If you’re considering jumping into this crazy housing market or if you just want to make some upgrades that will retain value, remember that not all home improvements add value to a home. Talk to a Realtor before you start making any major improvements if you aren’t sure.
Upgraded bathrooms will add value, however, avoid going overboard. According to a National Association of Realtors Research Group study, updating a bathroom is one of the most popular home improvement projects in the United States. It’s also one of the few home improvement projects with the potential for increasing value close to how much you spent on it. But only if you do it right. Make it simple. Add fresh paint, updated lighting, and repairs to any damage you did to the bathroom over the years. If you can keep the remodel under $5,000 start to finish, you can potentially turn a profit. It’s tempting to go with high-end appliances and overly extravagant bathrooms definitely fit in the category of projects that will actually hurt your home’s resale value.
Fresh paint will always help a home look its very best, but steer clear of bold, bright, or dark colors. Painting the interior or exterior is a low-cost improvement that makes a big statement. White, tan, and gray in various shades can make a home look clean, open, and inviting, even if none of these colors are your favorite. You may prefer reds, purples, deep blues, hot pinks and the like, but don’t assume that buyers will. They may look at it as an expensive paint job they don’t want to tackle.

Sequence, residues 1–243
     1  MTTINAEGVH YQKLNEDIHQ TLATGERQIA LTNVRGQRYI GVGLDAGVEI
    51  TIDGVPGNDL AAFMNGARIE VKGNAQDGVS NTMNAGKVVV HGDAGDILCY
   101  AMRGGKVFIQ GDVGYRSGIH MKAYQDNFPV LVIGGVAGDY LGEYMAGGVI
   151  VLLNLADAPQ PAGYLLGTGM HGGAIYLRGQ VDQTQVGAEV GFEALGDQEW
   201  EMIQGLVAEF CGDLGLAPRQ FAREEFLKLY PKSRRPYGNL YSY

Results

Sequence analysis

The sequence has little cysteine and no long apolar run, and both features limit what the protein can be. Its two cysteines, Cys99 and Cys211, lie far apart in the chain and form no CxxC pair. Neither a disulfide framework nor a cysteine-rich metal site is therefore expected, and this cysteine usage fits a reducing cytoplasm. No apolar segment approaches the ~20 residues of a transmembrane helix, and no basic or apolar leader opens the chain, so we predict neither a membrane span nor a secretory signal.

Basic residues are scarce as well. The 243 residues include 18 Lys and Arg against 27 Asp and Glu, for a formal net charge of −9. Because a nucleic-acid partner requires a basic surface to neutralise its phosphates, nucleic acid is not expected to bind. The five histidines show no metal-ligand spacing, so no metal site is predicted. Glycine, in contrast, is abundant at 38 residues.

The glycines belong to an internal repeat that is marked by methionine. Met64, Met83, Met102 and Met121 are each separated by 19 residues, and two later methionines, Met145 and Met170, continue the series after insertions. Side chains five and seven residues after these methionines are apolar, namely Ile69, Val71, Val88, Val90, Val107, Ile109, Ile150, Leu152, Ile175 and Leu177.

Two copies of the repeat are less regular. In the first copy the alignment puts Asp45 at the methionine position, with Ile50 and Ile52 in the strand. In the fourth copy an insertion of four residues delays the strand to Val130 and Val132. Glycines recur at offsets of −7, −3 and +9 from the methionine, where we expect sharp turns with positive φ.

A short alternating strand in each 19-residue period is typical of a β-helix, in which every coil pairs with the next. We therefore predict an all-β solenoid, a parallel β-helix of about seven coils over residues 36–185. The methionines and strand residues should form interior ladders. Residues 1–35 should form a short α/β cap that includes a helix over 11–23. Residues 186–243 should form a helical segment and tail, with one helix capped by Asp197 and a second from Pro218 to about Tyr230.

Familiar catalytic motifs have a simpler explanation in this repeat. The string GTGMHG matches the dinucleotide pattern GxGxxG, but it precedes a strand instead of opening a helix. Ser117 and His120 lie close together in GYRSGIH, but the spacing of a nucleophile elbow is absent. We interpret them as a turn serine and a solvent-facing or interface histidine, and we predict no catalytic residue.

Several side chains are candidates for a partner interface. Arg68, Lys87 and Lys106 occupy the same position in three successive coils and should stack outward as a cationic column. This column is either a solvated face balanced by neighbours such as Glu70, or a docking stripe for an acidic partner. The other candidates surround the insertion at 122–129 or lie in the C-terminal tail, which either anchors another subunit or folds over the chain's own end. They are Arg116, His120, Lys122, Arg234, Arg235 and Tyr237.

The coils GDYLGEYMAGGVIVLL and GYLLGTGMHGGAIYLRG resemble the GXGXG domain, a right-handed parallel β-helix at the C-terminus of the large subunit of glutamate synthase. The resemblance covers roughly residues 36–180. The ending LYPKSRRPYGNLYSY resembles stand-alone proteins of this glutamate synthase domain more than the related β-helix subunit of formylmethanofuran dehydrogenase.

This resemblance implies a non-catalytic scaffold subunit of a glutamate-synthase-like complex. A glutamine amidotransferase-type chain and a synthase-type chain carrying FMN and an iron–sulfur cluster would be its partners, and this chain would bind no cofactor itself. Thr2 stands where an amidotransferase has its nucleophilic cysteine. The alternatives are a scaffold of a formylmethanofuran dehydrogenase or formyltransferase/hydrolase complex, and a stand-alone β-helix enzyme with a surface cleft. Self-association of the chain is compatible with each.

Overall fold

Buyers want an upgraded kitchen, but renovating using high-end appliances won’t guarantee you’ll get your money back when it’s time to sell. Instead, focus on the most worn or dated parts of the kitchen, such as flooring and countertops, and go for mid-range appliances if they even need an upgrade.
Many homeowners believe a swimming pool or hot tub will add value to their homes, but a pool or hot tub can decrease a home’s resale value, especially if you live in a cooler climate where pool season is minimal. The high cost of pools does not end after installation. Routine maintenance also is expensive and most buyers know this. Families with younger children tend to stray away from homes with pools. With the cost to build a pool, maintenance expenses and a very minor potential value increase, a swimming pool addition simply isn’t worth it for most homeowners.
The Bottom Line: Your best bet would be to contact a trusted professional Realtor in your area. She will be able to advise you about what you need to do to prepare your home for sale. Many buyers spend too much money upgrading their home before putting it on the market hoping they’ll recoup those costs in the sale and that does not happen often.